Palazzo Serristori Palazzo Serristori (under scafold)

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    Palazzo dei Cartelloni or Palazzo Viviani

    by croisbeauty Written Nov 7, 2012

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    The owner of Palazzo dei Cartelloni was Vincento Viviani, a mathematician who applied this big epigraphs in order to celebrate and glorify the life and many discoveries of his master, Galileo Galilei. The bust of Galileo was sculpted by Giovan Battista Foggini.
    Today the palace is owned by SACI, an U.S. non-profit educational institution teaching accredited Fine Arts. The palace also conserves a huge archive of Pink Floyd's photographies.
    The palace was built on the foundations of the houses where Francesco del Giocondo, a welthy silk merchant, once lived. Many scholars believe that Leonardo da Vinci's Mona Lia is a portrait of Lisa Gherardini, Francesco's wife.
    The palace is located in Via Sant'Antonino 11.

    Palazzo dei cartelloni

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    Alice's Masks

    by GrumpyDiver Updated Sep 9, 2012

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    Everyone thinks of the Venetian masks as one of the great wonders of Italy, but really the best place in Italy to appreciate (and buy ) these masks is at Alice's Masks, in Florence.

    Alice is the daughter of the famed Florentine mask maker, Professor Agustino Dessi (who taught sculpture at the University of Florence) and the stunning masks he makes at his shop there.

    This image shows some of the Pinocchio masks that are mounted on the door of his workshop.

    Pinocchio maks Professor Agostino Dessi in action Cyborg masks - a bit more unusual fare A delicate mask being modelled Wall of Pinocchio masks
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    Florence in Moscow

    by Kuznetsov_Sergey Written Jun 16, 2012

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    I (and you) may refresh our memory about Florence even without leaving Moscow. We should go to the Main Building of the Pushkin State Museum of Fine Arts and see
    Luca Della Robbia “Ressurection of Christ” (1442-1445) and “Ascension of Christ” (1446-1450), Cantoria (singing gallery) (1431-1437) plaster casts from the Basilica di Santa Maria del Fiore.
    Donatello “Tabernacle of the Annunciation (Cavalcanti Annunciation) (1430th) plaster cast in the Basilica di Santa Croce.
    Benedetto Da Maiano “Pulpit with Scenes from the life of St Francis” (1472-1476) plaster cast in the Basilica di Santa Croce.
    Lorenzo Ghiberti “The Shrine of St. Zenobius” (1432-1438) casts from the Basilica di Santa Maria del Fiore.
    Andrea Veroccio “Putto with Dolphin” (1435-1438) plaster cast.

    Every time I visited this museum since my childhood I admired by these masterpieces… Never knew that I would be able to watch them in Florence…

    12 Volkhonka St., Moscow
    (tel.: +7 495 609-95-20, +7 495 697-95-78, +7 495 697-74-12),
    Metro station: "Kropotkinskaya".
    Ticket price for foreign visitors 400 rubles (10 euro) for adults,
    200 rubles for schoolchildren, students and pensioners.
    Attention! Ticket prices for exhibitions might differ from those for permanent collections.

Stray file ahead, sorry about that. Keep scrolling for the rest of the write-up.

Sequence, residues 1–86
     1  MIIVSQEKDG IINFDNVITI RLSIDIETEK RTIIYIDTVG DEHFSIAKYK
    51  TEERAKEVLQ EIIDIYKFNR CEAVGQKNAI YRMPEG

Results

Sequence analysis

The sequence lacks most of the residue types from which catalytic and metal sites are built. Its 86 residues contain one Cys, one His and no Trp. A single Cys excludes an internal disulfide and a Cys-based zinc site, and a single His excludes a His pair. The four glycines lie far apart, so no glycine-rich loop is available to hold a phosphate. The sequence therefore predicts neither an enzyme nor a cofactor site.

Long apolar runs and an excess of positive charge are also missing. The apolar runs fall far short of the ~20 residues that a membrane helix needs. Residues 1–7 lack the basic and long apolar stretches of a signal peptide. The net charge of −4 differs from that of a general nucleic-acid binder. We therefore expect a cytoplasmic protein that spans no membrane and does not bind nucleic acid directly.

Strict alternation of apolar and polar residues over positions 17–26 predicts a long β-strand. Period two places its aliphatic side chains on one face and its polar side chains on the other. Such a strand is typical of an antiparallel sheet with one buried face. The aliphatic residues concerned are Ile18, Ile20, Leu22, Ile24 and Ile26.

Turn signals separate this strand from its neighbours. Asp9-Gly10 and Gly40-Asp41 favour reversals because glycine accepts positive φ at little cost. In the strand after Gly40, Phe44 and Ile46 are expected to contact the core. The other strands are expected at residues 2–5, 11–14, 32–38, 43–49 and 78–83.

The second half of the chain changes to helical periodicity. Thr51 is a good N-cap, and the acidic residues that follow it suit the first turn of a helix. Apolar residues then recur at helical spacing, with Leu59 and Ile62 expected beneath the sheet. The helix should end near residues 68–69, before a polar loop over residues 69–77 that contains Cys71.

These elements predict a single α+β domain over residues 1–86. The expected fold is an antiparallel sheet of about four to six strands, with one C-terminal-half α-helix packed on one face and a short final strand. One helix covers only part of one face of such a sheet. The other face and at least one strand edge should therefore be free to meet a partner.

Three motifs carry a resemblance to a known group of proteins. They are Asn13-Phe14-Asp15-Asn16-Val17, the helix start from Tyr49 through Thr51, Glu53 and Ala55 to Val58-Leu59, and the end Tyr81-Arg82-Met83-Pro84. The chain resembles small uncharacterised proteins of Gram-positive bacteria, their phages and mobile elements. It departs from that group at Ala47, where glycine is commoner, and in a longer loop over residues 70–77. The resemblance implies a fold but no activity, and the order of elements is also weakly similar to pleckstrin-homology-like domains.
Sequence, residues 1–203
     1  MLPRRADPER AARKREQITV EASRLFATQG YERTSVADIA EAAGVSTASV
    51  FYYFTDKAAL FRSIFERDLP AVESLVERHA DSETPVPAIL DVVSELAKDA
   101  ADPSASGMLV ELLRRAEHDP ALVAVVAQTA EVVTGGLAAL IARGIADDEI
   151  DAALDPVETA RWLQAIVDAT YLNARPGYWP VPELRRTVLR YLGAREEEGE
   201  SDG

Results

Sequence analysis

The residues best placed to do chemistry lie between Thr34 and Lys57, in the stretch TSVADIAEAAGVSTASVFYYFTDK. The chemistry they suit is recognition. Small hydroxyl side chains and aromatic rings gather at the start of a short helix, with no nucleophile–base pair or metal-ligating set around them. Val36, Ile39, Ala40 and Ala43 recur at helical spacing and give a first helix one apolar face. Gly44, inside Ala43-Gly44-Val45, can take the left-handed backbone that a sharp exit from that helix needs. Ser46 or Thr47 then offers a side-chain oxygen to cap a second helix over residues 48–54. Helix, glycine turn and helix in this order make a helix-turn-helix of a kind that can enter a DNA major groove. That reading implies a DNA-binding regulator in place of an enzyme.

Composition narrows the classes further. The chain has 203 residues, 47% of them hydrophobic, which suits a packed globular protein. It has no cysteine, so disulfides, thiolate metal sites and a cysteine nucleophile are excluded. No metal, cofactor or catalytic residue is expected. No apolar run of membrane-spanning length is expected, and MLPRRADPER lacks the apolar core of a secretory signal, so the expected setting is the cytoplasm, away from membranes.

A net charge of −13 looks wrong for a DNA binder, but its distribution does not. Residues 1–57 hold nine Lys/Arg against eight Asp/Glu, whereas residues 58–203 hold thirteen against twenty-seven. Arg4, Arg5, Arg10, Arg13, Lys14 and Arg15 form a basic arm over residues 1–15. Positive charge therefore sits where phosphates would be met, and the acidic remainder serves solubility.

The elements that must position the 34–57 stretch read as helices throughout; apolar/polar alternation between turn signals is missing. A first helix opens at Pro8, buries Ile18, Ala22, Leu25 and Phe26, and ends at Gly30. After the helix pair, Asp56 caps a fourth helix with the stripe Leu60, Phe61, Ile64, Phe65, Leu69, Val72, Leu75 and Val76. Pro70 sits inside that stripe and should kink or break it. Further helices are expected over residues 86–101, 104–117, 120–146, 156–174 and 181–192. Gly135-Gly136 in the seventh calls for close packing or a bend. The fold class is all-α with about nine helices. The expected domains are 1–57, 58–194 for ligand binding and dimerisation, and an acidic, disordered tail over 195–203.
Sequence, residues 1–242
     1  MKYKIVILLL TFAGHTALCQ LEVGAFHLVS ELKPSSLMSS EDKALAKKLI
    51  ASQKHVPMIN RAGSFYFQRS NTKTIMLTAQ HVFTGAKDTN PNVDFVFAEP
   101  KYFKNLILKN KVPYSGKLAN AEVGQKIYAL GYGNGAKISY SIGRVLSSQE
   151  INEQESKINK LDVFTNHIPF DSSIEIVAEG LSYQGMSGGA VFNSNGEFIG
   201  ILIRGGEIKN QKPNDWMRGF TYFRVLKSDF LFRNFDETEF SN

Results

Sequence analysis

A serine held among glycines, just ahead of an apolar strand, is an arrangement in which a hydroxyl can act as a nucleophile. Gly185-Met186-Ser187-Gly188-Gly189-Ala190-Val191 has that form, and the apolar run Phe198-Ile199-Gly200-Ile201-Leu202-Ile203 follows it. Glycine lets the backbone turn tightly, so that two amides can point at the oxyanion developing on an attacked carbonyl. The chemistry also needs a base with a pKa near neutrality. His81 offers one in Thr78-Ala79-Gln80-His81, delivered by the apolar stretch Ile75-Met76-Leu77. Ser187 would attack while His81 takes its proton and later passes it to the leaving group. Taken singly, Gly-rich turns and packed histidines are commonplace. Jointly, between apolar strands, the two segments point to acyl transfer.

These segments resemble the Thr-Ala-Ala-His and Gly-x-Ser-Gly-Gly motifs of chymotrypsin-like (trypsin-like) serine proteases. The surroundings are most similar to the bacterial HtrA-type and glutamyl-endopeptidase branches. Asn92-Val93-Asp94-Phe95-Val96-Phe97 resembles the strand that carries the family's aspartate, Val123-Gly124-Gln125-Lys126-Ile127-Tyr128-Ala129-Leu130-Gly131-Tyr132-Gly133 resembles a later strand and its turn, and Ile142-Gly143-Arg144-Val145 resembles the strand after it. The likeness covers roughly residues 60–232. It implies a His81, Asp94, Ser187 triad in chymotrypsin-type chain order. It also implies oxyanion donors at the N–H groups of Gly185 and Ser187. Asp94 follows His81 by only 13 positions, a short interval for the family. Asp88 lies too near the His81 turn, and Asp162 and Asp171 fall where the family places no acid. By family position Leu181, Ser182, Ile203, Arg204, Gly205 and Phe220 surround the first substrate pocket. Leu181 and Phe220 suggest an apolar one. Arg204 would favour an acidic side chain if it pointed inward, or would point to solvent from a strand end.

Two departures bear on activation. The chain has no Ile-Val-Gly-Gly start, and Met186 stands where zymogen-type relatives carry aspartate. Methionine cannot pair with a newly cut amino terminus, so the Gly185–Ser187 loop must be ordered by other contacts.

Visitors are offered audio guides in Russian, English, German, French and Italian.
    Many exciting tours are on offer!

    Open daily from 10 am to 7 pm
    Thursdays from 10 am to 9 pm
    Closed Monday

    Luca Della Robbia Luca Della Robbia Luca Della Robbia Donatello Benedetto Da Maiano
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    Dante's House

    by Kuznetsov_Sergey Written Jun 16, 2012

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    In the historical center of Florence in the 200, between the church of S. Martino and the Public square Dei Donati, rose the houses of the Alighieri. In the first years of the 1900's, the Common of Florence made to construct the Dante house where the tradition wants that the poet was born. Here is situated the Museum House of Dante that is divided in three plans.
    Price: 4 €

    Dante's House Dante's House

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    Chiesa Russa Ortodossa della Nativita

    by Kuznetsov_Sergey Written Jun 16, 2012

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    The Russian Orthodox Church in Florence was built in 1899–1903 by the Russian community which passed long periods in Florence and it represents a significant chapter in the story of Florence. It was built by the best Russian and Florentine artists and during the years has suffered considerable damage.
    Today we can admire it in all it's glory thanks to the restoring of the works of art on the part of the Soprintendenza dei Beni Ambientali and Architettonici di Florencethe five brilliant small domes shaped as onions, seen outside, are astonishing inside the church tall figures of Orthodox/saints populate the many coloured mural paintings and the icons in byzantine style. The precious building was built between 1899 and 1903, but it's story, interlaced with the of the Russian colony in Florence, is much older.

    The Russian Orthodox church in Florence is in Via Leone X, at the crossroad with Viale Milton.

    Chiesa Russa Ortodossa della Nativita Chiesa Russa Ortodossa della Nativita
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    Alice's Masks

    by GrumpyDiver Written Mar 14, 2012

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    Everyone thinks of the Venetian masks as one of the great wonders of Italy, but really the best place in Italy to appreciate (and buy ) these masks is at Alice's Masks, in Florence.

    Alice is the daughter of the famed Florentine mask maker, Professor Agustino Dessi (who taught sculpture at the University of Florence) and the stunning masks he sells at his sho there

    Related to:
    • Arts and Culture

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Florence Off The Beaten Path